Homesteading: Ducks vs. Chickens & How We Chose

By Sara Tipton

Some people will be able to have both ducks and chickens on their homestead with no trouble whatsoever. We really wanted to raise a flock of something though for the eggs, and eventually made the decision to raise ducks. This is our story of how and why we ended up with 6 ducks and zero chickens.

There were several reasons for our decision, and honestly, right up until the afternoon we bought two ducklings from the closest Tractor Supply, we had still planned to get a dozen chickens in the spring. But just getting those first two little ducks changed our minds and made us “duck people.”

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Originally, we only wanted the ducks to be pets and we were only wanting two.  Our children have been wanting ducklings since the first time they saw them at Tractor Supply last year as I shopped for dog food and cat food. When we finally bought them their ducks on the first Saturday in August, we listened to the instructions from the lady who put the cute ducklings in the box and got all of the things we needed to care for them.  It wasn’t too expensive, but we already had a “duck house” built on the property and a heat lamp. We simply put up some screws to hold the heat lamp down low, added some pine flakes, some water, and some food and viola! The pet ducklings had a place to live.

Since these were pets, our kids named their ducks (Wiggles and Moose) and we knew we were not going to eat their pets, so the meat was not a factor in our decision to raise ducks. Once we saw just how much the kids loved those squirmy little birds, my husband and I took to Google to find out more about these guys.  As it turns out, ducks make great pets! In fact, two days after getting the ducks, my son was holding his duck, Moose. As it fell asleep in his hands, the dog snatched it from him, killing it. The heart-wrenching scream that came from my six-year-old was like nothing I had ever heard. He honestly loved that duck like it was a dog or a cat.  I immediately got on the phone with Metzer Farms in Gonzales, California to order my son another duck because Tractor Supply was sold out.

Oddly enough (or luckily enough depending on how it’s looked at), we had already decided to get four more ducks and increase our flock to 6 once Tractor Supply got another shipment in.  Unfortunately, it was faster (albeit more expensive) to order 6 ducklings from Metzer Farms.  I placed the order at around 10 am on a Monday and on Wednesday at 6 am, I got a call from the local post office that the ducklings were in and to come to pick them up.

We got a female white Pekin that looked similar to my daughter’s duck, Wiggles, two Cayugas, a Khaki Campbell, and a male and female blue Swedish. Unfortunately, we lost the male blue Swedish.  He just never developed or ate or drank. He’s buried next to Moose. But in addition to making great pets for the kids, the ducks have several other advantages for us, personally.


Duck eggs are larger and more nutritious than chicken eggs. They are higher in Omega 3 fatty acids and the yolk to white ratio is also higher, boosting a higher calorie content. Bakers say that using duck eggs as opposed to chicken eggs in baking gives cakes and cookies a “richer” flavor and fluffier pastries due to the extra albumen. They are bigger eggs too: two duck eggs will equal about three chicken eggs. If you want to get more protein in your diet, the duck egg edges out the chicken egg once again. An average chicken egg contains 6.28 grams of protein, while an average duck egg contains 8.97 grams of protein.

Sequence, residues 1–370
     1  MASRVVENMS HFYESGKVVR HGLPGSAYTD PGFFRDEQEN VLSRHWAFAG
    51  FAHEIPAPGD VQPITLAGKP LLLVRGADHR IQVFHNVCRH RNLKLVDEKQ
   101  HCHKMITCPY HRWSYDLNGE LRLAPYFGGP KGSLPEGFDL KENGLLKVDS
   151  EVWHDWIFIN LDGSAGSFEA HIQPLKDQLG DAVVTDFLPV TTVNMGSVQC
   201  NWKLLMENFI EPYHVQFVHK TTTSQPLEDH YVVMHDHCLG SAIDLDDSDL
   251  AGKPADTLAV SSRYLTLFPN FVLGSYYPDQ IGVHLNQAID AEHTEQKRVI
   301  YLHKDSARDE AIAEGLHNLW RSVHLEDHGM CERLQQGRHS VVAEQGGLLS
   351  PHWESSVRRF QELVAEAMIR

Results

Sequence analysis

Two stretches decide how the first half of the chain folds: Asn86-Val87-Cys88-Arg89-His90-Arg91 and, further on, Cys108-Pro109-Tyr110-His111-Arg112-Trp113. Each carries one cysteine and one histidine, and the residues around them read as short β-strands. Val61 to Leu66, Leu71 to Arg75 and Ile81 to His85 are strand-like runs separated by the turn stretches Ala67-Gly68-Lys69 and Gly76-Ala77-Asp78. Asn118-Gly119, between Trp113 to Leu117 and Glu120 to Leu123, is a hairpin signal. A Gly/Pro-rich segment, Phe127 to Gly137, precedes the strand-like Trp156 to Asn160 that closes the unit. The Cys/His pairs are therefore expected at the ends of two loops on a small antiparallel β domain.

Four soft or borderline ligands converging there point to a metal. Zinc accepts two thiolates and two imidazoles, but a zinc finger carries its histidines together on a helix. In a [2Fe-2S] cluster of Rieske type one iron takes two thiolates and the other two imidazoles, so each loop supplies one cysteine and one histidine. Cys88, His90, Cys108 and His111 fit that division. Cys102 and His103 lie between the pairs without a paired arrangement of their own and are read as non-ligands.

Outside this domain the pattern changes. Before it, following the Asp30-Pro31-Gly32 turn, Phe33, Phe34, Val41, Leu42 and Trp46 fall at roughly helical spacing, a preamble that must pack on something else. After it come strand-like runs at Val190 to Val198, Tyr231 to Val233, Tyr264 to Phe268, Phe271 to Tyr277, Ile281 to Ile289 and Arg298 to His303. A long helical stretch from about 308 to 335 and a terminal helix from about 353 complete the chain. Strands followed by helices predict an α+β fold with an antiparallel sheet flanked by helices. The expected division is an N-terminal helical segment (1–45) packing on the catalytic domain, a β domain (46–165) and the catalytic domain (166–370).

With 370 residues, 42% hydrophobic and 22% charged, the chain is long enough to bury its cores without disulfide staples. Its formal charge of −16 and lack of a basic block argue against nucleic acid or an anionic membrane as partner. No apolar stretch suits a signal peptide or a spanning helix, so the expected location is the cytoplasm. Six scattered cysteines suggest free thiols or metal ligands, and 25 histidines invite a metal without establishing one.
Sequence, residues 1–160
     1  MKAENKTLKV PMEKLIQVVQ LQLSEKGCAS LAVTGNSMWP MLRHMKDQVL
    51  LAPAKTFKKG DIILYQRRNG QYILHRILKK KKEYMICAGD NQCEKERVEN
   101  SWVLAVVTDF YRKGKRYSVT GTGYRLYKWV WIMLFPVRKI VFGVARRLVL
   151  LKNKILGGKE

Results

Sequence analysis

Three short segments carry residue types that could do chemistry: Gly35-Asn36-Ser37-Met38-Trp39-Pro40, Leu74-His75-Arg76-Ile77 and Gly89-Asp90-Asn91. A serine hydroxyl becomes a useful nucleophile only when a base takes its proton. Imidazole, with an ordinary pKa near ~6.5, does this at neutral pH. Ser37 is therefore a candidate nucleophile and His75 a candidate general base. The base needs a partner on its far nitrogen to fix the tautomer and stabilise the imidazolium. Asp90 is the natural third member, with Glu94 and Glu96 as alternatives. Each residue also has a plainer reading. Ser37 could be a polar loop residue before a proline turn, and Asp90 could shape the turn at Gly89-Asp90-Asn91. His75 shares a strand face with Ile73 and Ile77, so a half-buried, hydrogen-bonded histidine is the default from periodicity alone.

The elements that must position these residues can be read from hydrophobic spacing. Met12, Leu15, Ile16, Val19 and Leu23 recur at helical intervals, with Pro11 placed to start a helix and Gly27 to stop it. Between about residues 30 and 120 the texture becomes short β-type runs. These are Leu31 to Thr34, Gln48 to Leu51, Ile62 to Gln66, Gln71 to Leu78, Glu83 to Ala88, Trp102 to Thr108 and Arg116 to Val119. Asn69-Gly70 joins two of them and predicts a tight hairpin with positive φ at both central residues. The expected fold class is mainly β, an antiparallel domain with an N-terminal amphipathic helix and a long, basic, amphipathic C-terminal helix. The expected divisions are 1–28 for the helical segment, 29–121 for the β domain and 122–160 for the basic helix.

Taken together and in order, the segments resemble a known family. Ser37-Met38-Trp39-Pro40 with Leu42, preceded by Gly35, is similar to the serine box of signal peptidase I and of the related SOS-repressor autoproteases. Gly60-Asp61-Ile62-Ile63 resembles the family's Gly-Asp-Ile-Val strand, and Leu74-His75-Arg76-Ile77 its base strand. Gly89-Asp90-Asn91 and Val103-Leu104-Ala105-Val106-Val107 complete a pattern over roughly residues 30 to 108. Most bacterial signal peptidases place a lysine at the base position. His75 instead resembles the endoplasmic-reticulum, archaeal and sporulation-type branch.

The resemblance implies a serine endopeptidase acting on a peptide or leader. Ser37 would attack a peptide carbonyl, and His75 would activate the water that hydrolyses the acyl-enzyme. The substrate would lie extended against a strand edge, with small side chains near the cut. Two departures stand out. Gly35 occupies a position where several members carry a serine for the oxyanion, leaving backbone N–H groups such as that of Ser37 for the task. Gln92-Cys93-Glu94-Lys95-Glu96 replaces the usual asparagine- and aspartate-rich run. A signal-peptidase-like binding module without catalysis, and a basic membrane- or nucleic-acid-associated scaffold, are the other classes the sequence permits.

Ducks will lay eggs all year long, even in the winter, if you give them enough light. Ducks have routine egg-laying hours and produce eggs for many more years than chickens making them more economical if you are going to eat the eggs, and once ours start to lay, we will be eating them for sure. Ducks normally lay their eggs between 4:00 a.m. and 8:00 a.m. daily. This means they lay their eggs in the nests in their night pens instead of hiding a nest in the yard. You can pick up the duck eggs just once per day, at the same time that you let the ducks out to forage – and that brings us to our next advantage…


Ducks are much better foragers than chickens and can keep your vegetable garden slug free! Chickens can definitely help with pest control in yards, gardens, and pastures under certain circumstances. But chickens don’t eat big slugs or snails as ducks do. Because ducks forage a larger portion of their diet than chickens, they can really be economical to own, especially in the summer when they won’t need as much food.

For these reasons, we decided to “scratch” the chicken idea and stick with ducks.  But there are some advantages to choosing chickens too.


Chickens do come with their pros, and they may be a better choice for others than they were for us. Chickens are more readily available, and usually cheaper to purchase. They are a better “confinement animal”, which is an important factor if space is an issue. They don’t desire as much free space to roam around.

The thicker shell on a duck egg makes it harder to crack and getting a clean break to cook or bake with duck eggs takes practice and patience. Duck eggs will be harder to whip than chicken eggs because of the lower water content.

What about you? Ducks, chickens, or both? Let us know in the comments!

This article was originally published at Ready Nutrition™ on August 22nd, 2019

Image credit: Pixabay

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